Solar when trailer not in use - Escape Trailer Owners Community

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Old 07-24-2014, 02:41 PM   #1
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Solar when trailer not in use

I'm new to having solar and was wondering how to leave the power systems when the trailer will be sitting for weeks unused. We seldom camp over the dead of summer so sitting for 4-6 weeks is not uncommon.

In my old trailer, without solar, I'd top off the water and charge the batteries fully when I got home via a standalone charger, then disconnect them via a disconnect switch. Sometimes I'd leave the house AC hooked up to it, sometimes not. Figured this way the batteries would not slowly deplete from the vampire loads.

Now with solar I'm at a bit of a loss as to what is best. Charge fully, check the water, and disconnect via the switch which also kills the solar charger. Hookup the house AC if needed.

Leave everything on, let the solar charger maintain the batteries and just check the water level. No need for House AC.

What do you do?
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Old 07-24-2014, 03:21 PM   #2
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I am sure you will get of host of opinions. Here is my take. If storing for less than three weeks, I would simply use the master switch to turn everything off. If storing over the winter I would periodically allow the solar to charge the battery for 24-48. Once or twice during the off season is adequate.

That said, if you store your trailer indoors, like I do, it doesn't matter. I cannot charge it. In my mind having it indoors far outweighs the need to charge the battery over the winter.

There are two key elements, only store with your batteries full and always turn off the master switch. With those two conditions met I believe you can store anytime.
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Old 07-24-2014, 03:51 PM   #3
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I'm of the opinion that solar is easier on the batteries than your converter and you need to exercise your batteries every now and then. I'll unplug and just let solar do it's job for weeks on end, no problems.
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Old 07-24-2014, 04:18 PM   #4
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On my 19' the ETI-installed master power switch does NOT affect the solar. I store the trailer with the master power switch off and the solar panels charging the batteries.
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Old 07-24-2014, 04:20 PM   #5
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Correct, the master switch turns everything inside off from the battery, but the solar is wired direct to the battery and is not affected by the master switch.
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Old 07-24-2014, 04:53 PM   #6
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Understood, you can't turn off the charging without pulling a cable or wire.

My post ETI solar has a cutoff between the controller and the batteries, as well as the load from the batteries.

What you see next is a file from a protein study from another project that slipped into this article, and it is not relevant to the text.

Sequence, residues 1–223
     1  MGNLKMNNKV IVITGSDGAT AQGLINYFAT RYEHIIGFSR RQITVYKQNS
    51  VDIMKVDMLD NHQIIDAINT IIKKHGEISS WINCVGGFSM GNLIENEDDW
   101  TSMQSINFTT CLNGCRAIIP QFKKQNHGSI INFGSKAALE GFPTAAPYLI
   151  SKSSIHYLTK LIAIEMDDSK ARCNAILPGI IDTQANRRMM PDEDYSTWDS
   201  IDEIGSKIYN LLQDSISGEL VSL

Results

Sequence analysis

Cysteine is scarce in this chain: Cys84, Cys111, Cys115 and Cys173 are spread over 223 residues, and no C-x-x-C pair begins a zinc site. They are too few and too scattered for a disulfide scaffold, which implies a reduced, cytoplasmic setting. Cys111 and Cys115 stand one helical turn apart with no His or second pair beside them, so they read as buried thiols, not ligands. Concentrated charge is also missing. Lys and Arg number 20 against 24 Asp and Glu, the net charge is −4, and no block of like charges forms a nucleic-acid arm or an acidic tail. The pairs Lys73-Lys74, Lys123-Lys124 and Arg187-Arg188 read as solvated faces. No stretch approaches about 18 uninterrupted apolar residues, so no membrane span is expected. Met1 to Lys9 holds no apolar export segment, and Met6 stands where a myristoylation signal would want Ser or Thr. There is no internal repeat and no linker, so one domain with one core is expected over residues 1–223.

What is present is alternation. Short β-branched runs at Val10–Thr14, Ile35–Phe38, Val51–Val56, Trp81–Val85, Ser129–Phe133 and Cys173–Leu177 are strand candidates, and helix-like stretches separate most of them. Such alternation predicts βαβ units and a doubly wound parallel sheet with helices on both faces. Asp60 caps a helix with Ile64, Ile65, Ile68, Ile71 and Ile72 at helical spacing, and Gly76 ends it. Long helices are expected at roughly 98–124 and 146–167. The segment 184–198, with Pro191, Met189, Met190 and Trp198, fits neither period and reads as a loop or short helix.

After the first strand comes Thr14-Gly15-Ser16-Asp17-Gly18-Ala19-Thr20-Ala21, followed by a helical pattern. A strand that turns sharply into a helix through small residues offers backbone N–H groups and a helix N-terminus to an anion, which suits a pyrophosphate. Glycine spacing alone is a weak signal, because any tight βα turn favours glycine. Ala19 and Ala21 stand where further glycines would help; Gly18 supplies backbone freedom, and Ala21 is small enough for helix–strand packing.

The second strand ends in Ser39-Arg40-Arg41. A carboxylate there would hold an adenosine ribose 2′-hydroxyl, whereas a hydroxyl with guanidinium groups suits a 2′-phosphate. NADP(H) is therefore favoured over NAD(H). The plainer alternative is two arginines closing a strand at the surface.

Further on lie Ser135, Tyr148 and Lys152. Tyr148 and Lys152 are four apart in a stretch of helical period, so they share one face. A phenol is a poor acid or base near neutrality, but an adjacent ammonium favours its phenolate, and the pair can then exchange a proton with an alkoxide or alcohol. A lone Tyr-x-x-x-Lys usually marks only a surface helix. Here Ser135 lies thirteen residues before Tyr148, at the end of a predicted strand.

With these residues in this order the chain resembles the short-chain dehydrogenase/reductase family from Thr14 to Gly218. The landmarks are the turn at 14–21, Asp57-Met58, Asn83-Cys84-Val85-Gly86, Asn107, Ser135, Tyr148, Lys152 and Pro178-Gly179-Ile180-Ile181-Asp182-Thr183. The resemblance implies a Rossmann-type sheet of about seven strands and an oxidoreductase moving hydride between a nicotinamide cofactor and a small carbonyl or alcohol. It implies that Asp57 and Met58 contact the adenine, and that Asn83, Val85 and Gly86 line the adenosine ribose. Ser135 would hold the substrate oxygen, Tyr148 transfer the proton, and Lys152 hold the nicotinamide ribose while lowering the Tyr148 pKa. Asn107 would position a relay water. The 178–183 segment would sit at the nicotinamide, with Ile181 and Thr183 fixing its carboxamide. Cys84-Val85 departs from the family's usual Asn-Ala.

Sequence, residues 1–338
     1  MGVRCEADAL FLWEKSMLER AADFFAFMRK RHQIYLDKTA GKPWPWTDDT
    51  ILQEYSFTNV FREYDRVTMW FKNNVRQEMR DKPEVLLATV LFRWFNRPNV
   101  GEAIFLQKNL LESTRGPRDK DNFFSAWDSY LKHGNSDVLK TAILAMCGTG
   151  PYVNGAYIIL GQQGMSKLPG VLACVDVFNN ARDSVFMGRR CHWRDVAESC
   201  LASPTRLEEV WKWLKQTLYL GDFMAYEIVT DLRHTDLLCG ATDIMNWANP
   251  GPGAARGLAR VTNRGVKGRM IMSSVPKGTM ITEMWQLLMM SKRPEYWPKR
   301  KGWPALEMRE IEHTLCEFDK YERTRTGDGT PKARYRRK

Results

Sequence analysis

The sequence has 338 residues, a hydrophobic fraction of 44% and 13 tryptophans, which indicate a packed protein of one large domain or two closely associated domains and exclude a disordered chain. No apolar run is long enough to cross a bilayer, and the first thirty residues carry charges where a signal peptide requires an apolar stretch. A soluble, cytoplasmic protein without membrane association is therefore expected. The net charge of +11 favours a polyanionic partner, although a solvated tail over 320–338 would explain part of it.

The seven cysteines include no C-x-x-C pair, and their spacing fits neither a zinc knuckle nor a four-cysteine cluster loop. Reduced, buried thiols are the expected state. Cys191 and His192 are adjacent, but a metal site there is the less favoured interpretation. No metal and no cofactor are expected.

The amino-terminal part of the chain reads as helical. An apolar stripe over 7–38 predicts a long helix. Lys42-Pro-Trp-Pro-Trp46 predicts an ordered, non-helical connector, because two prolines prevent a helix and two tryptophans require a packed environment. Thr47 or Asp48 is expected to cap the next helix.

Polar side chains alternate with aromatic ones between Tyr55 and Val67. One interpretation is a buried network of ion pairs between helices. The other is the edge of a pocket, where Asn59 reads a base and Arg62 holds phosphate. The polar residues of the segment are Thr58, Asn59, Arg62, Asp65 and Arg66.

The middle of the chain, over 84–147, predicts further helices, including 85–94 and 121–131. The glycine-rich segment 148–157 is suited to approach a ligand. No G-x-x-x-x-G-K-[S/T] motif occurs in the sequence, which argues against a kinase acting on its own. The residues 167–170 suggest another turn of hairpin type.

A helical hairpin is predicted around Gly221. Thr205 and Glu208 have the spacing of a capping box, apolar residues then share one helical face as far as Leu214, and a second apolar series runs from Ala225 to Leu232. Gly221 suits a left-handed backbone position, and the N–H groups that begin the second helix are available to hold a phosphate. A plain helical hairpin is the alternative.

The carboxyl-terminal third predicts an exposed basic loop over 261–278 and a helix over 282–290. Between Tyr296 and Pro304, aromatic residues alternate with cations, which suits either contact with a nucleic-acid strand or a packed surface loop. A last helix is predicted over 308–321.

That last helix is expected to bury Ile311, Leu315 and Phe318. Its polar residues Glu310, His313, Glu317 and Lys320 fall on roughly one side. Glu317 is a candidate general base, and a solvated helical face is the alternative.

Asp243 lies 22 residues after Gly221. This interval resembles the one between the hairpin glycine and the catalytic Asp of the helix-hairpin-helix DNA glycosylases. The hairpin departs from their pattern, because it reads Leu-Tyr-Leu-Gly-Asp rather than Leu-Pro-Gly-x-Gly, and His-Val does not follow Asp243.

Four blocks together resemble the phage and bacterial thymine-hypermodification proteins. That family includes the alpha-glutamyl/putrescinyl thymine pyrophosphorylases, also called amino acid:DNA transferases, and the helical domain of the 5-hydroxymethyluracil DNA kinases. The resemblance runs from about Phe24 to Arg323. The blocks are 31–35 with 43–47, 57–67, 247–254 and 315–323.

I just called Interstate, after explaining my question the tech tells me I'm better off leaving the Solar Converter float charge going to the batteries. Something about leaving some battery activity occurring is preferable to none. This was in reference to the 6v'ers, didn't ask if there is a difference for the 12.
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Old 07-24-2014, 05:34 PM   #7
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I only use the AC power to charge the batteries in the winter, when the sun doesn't peep over my garage enough to make solar effective. I check the batteries with a hydrometer periodically.
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Old 07-24-2014, 10:58 PM   #8
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Due to our climate I take our batteries out for the winter, during the rest of the year I just leave everything on and let the solar keep it chargered , really the only time it's plugged in is if we are staying in a campground with electric hook ups , batteries are always nice and topped up and ready to go
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Old 07-25-2014, 12:07 AM   #9
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I looked through the converter and solar changer manuals. Ours is a 2011 Escape 19 with a 2014 solar installation.

Both the converter and solar use a multi-stage charging scheme. After the batteries are pretty much charged, over 95%?, both go to a very low maintenance change. I don't think leaving it plugged into shore power or letting the solar go 24/7 will harm the battery. Ours is stored indoors and I leave it connected to shore power when not in use.

I'm certifiably no expert. But that's my story and I'm sticking to it.

Thanks.
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Old 07-25-2014, 11:45 AM   #10
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I've left the solar system connected to the trailer all winter, and have not had a problem with the batteries. I do check them every couple of months (more while traveling) and have not needed to add water over the winter.
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